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This book, out of the Clayton Christensen Institute for Disruptive Innovation, is a useful field guide to the design and implementation of blended learning models, which combine computer-mediated resources like MOOCs with conventional classroom instruction. Nonetheless, readers may greet its subtitle, “Using Disruptive Innovation to Improve Schools,” with a pang of foreboding. Blended initially makes you worry that its pages will mostly be a blend of TED Talk doublespeak. Indeed, the foreword (contributed by the High Prophet of Disruption himself, Clayton M. Christensen) ominously name-checks Thomas Kuhn, the philosopher and historian who first coined the now-inescapable phrase “paradigm shift.” But whatever their slight fondness for techno-jargon, authors Michael B. Horn and Heather Staker have written something valuable mainly because they are at pains to define their terms. This is the critical task facing advocates of blended learning, as Fordham itself has chronicled. Furnishing students with laptops and posting lesson plans on Blackboard isn’t blended learning; nor is a totally online experience that students access from home. For clarification, Horn and Staker use refreshingly simple graphics to outline the varying blends—from hybrid approaches shuttling kids between online activities, small-group instruction, and pen-and-paper assignments, to more unfamiliar models that explicitly make online teaching the backbone of coursework even within brick-and-mortar schools. The book doesn’t sidestep the question of what role teachers and facilities will play as more curriculum and tutoring is done remotely; the treatment is thin, but its vision of community schools providing family services, serving nutritious (and even edible)...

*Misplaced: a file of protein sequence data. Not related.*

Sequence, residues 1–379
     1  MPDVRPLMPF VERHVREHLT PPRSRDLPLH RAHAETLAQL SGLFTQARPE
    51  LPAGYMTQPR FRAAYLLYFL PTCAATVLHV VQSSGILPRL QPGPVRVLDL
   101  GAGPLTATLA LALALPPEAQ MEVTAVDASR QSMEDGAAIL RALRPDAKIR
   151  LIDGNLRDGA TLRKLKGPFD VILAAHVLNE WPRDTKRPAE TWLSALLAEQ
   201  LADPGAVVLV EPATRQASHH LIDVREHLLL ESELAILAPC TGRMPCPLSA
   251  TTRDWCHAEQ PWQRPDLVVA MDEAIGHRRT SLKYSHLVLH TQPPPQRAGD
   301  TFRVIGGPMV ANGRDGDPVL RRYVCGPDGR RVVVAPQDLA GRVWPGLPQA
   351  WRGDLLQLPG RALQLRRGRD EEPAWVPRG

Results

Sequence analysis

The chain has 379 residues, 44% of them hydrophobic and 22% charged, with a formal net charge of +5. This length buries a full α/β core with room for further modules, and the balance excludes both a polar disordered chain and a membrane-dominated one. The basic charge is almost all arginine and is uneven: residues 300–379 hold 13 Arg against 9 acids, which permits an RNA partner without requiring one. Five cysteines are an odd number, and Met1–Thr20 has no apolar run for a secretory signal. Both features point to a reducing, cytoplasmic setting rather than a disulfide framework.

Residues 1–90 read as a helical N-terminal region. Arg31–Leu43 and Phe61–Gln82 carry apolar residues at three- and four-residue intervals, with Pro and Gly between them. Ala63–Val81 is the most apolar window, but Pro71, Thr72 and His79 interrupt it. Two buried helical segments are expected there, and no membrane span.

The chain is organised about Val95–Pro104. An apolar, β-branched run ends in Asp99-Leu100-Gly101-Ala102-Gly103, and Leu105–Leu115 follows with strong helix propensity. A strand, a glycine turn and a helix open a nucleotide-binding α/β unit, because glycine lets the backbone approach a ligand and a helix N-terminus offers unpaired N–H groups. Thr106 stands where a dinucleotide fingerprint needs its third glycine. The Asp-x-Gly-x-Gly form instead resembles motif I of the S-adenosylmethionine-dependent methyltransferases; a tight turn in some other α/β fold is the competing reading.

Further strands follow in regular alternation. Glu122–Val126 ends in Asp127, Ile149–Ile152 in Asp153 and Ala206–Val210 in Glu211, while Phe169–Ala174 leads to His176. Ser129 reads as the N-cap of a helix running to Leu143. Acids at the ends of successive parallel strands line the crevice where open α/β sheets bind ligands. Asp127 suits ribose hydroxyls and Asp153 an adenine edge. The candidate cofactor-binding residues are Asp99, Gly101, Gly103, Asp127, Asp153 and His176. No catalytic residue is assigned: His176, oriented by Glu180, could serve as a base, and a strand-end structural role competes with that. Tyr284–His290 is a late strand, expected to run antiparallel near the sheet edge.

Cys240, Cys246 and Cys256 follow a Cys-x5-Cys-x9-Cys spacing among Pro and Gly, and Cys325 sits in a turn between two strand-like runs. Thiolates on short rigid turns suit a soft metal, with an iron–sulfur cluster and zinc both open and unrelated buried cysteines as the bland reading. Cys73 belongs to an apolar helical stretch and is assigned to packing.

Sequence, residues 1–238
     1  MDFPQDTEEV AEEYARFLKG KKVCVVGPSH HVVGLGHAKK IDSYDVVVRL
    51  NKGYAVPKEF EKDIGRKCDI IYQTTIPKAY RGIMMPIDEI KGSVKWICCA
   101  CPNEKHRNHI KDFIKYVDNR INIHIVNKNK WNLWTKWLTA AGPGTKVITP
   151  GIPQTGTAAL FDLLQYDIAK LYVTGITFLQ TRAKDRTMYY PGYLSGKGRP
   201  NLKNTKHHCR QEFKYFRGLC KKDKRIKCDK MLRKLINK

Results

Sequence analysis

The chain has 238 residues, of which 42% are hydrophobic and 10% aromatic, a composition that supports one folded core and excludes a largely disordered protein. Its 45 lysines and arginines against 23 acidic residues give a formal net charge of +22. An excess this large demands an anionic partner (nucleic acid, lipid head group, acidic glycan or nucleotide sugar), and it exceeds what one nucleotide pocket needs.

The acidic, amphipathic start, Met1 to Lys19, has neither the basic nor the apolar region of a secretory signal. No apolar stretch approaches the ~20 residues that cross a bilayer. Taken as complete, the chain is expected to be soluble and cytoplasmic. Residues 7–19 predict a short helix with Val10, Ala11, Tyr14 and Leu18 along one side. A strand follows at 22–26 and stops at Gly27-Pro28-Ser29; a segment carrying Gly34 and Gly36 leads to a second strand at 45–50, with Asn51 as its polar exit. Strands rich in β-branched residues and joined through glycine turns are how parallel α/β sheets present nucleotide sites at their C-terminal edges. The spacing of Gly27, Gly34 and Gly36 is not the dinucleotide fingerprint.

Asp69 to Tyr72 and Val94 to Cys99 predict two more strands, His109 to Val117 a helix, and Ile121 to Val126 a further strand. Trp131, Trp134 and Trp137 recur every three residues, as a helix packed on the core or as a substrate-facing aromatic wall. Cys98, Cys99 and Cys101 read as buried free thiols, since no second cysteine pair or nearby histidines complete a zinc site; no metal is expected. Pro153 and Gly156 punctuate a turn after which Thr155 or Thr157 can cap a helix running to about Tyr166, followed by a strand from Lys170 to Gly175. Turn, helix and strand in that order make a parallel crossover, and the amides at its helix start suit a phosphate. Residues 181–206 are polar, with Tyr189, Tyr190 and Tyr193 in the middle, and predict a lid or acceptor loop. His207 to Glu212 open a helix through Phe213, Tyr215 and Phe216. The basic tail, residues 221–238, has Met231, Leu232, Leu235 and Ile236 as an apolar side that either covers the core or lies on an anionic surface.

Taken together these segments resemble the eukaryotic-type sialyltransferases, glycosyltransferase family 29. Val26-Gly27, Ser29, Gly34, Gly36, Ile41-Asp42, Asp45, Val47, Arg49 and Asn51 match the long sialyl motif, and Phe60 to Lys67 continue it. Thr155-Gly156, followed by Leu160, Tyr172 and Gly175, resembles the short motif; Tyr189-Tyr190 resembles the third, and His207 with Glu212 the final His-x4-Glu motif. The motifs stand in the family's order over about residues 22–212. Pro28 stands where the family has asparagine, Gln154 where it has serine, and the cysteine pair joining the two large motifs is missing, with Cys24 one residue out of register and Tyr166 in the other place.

This new study examines whether voluntary financial contributions to public education have increased over time and, if so, whether these donations vary by district size and other characteristics. Voluntary contributions are those awarded by charitable school foundations, local endowments, booster clubs, parent-teacher associations, and alumni associations—so these are local dollars in addition to the local revenues generated largely by property taxes. Analysts examine voluntary contributions to public schools from 1995 through 2010, relying on Form 990 filings that are captured in the Guidestar nonprofit database, which includes expenditure reports for nonprofits with annual revenues totaling $25,000 or more. These data were then linked with mapping data to match the nonprofit to the corresponding school district, including data about district revenues and demographics. The final sample included over 13,000 non-profits that supported schools and/or districts. There are four key findings. First, PTAs comprise most of the nonprofits (70 percent), while local foundations comprise only 13 percent. And among all donors, 93 percent of them give to district schools, while only 1.3 percent support charter schools. Second, the number of nonprofits supporting schools has increased 230 percent, from over 3,400 in 1995 to nearly 12,000 in 2010. Third, nonprofit revenues increased almost 350 percent, from $197 million in 1995 to $880 million in 2010. Nationwide, per-pupil voluntary contributions jumped along with it, going from $3.67 in 1995 to $20.31 in 2010. Moreover, if you hone in on those districts that have at least one non-profit supporting them, we see that the voluntary...